Saturday 2nd March
Nothing out of the ordinary was seen in the garden today, with the exception of a Wren which made a late appearance. House Sparrow numbers have dropped to around a dozen.
Friday 1st March
Seen on Hinksey Lake this morning were four Pochard, about fifteen Tufted Ducks, and a Great Crested Grebe. A Greenfinch was singing in a nearby tree.
Wednesday 27th February
I saw a single Redwing in the small park in New Hinksey this morning. That was the first one I'd seen for a while. There were around sixteen Canada Geese, a pair of Mute Swans, a few Tufted Ducks and a lot of Black-headed Gulls on Hinksey Lake.
Sunday 24th February
Today I saw some House Sparrows trying to have dust baths on bare soil in the garden. As it was pretty well frozen I don't think they were very successful.
Saturday 23rd February
Another very cold day with snow showers. Last weekend's relative warmth is a distant memory. I saw a Goldcrest in the garden - that's the second one this winter. At least twenty House Sparrows are visiting the garden at the moment - they are getting through food at an alarming rate. Other species seen in the garden today were Blackbird, Robin, Wood Pigeon and Collard Dove. A Red Kite flew over.
Wednesday 20th February
There were two Lesser Black-backed Gulls on Hinksey Lake this morning, along with a Great Crested Grebe and the usual Tufted Ducks and Coots.
Monday 18th February
I had a walk round the University Parks at lunchtime. There was very little about. I heard a Great Spotted Woodpecker drumming, but I couldn't find it.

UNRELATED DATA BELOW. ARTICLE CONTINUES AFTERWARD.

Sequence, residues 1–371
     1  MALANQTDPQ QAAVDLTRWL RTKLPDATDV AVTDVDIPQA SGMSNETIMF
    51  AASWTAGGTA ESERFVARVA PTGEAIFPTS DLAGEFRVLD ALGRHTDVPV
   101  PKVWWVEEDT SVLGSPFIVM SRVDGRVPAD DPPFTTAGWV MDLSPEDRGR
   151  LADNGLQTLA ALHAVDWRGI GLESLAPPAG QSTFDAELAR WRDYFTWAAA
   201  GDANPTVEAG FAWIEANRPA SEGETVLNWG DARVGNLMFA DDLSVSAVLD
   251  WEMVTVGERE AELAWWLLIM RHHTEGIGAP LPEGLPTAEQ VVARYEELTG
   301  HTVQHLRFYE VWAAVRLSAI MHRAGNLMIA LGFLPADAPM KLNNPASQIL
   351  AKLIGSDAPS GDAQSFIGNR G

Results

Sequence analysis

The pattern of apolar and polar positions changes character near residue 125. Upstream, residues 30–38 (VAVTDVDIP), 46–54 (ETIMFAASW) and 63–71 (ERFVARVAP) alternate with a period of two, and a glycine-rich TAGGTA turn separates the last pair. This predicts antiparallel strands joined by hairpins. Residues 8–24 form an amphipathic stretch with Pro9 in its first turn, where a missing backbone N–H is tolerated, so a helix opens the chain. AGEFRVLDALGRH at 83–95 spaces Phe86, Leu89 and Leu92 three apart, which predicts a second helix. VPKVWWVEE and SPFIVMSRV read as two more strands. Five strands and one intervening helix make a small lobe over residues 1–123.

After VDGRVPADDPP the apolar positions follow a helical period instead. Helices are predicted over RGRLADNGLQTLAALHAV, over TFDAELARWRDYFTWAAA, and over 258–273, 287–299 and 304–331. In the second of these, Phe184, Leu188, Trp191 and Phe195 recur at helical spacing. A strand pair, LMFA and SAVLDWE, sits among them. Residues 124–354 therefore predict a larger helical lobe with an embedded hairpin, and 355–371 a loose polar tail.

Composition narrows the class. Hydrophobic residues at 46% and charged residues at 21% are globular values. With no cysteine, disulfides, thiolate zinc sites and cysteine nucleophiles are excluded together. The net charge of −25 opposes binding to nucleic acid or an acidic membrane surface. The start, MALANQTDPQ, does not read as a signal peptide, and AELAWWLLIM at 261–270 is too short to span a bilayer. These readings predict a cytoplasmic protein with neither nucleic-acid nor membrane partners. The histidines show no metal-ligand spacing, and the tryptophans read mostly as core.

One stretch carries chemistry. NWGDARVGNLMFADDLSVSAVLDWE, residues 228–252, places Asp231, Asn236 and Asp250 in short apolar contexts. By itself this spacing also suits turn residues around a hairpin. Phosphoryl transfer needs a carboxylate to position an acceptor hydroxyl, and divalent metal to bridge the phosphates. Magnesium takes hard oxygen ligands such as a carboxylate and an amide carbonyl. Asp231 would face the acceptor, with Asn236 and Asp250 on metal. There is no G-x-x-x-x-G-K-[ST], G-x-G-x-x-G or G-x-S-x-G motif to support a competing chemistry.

Sunday 17th February
First off I saw a couple of Goldfinches in the ash tree at the front of the house.
I then headed down to Otmoor. It was a pleasant day once the fog had burned off. I saw three Red-legged Partridges in Beckley village. On Otmoor the bird feeders were well-patronised by Chaffinches, Greenfinches, Blue & Great Tits and Reed Buntings. I spent some time in this area trying to find Lesser Redpolls, and finally saw three of them feeding on ground by the cattle pens. On Greenaways and Big Otmoor, flocks of Lapwing and Golden Plover kept being flushed, but it wasn't clear what was responsible. The only birds of prey I saw were two Red Kites, two Kestrels and one Buzzard. There were probably 200 Wigeon on Saunders Field (which has been under water for three months). Not much was visible from the hide, and there wasn't much at the first screen either.
On the way home I made a detour to Dry Sandford Pit in the offchance that a butterfly might put in an appearance, but none did. Somebody told me there were Waxwings just down the road from the pit, but they must have moved on because I couldn't find them.
When I got home a hoverfly and a queen White-tailed Bumblebee (Bombus lucorum) were feeding on Hebe flowers.
Saturday 16th February
There wasn't much about at the allotment this afternoon, just a couple of Robins singing and a large flock of Black-headed Gulls in the adjacent field.
Later I saw a good number of waterfowl on Thrupp Lake, including three pairs of Pintail. Also a Grey Heron, a Little Grebe and a Song Thrush. There wasn't much on Bullfield Lake, just two Gadwall and two Coot. The whole area is still very wet. We desperately need a long period of dry weather.
Tuesday 12th February